Salvador: The obvious candidate for contemporary satire, with his television series plans, he emerges — at least for this reader — as an ominous omen of what has come to pass in the degeneration of the medium in the two decades since this book was written. Marlene Dietrich, Kim Novak and others join the list I have already detailed as he contemplates his project. One has to feel sorry for Gloria and her future if he ever finds her. If you are even mildly curious about that historical, blonde movie world, you will find much to contemplate in this novel.
Jouve (and his associates): Echenoz uses this operator for a whole different set of observations on the notion of intelligence, tracking and all the shadowy aspects of that (it is one of his specialities in some of his other novels). This storyline does not just relate to its predecessors like Doyle and Flemming, it moves on to the equally troubling world of modern intelligence, both state and private-operated.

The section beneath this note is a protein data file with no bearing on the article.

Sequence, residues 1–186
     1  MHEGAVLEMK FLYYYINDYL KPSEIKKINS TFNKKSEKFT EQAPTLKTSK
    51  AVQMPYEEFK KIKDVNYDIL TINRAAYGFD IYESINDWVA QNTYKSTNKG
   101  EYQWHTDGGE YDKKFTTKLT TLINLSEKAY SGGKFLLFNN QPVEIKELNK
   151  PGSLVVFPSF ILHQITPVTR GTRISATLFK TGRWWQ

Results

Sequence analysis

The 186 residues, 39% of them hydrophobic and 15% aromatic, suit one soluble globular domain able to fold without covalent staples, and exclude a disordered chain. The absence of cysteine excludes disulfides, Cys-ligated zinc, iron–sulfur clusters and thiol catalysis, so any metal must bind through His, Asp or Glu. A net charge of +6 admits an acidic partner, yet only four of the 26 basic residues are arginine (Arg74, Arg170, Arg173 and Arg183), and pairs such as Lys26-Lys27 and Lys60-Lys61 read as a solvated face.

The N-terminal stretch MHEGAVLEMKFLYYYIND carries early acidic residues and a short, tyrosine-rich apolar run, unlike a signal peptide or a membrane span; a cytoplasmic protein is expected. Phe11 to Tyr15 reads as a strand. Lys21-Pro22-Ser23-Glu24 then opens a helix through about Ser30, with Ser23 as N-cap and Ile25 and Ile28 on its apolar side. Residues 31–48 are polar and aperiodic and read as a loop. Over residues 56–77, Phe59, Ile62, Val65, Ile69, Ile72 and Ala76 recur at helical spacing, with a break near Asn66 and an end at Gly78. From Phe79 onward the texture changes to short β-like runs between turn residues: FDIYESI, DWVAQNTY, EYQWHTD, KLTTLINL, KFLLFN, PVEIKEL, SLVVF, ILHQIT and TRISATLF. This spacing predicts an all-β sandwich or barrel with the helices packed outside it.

And while the author delivers on specific aspects of all three of those stages, he never lets them wander off independently of each other. They may be separate platforms, but there are consistent links between all three and the central story never loses focus. All of this in 201 pages of tightly-written narrative, thanks to an excellent translation from Mark Polizzotti.
So do you think this will be the last Echenoz reviewed on this blog? Not a chance — I have two more in hand already (Double Jeopardy and I’m Gone) and there are more available to order. I would predict with confidence that regular visitors can expect to read about another volume from this wonderful author every six months or so in the near future. If you haven’t read Jean Echenoz, now is a good time to start the project — you have a healthy list of excellent books still awaiting you.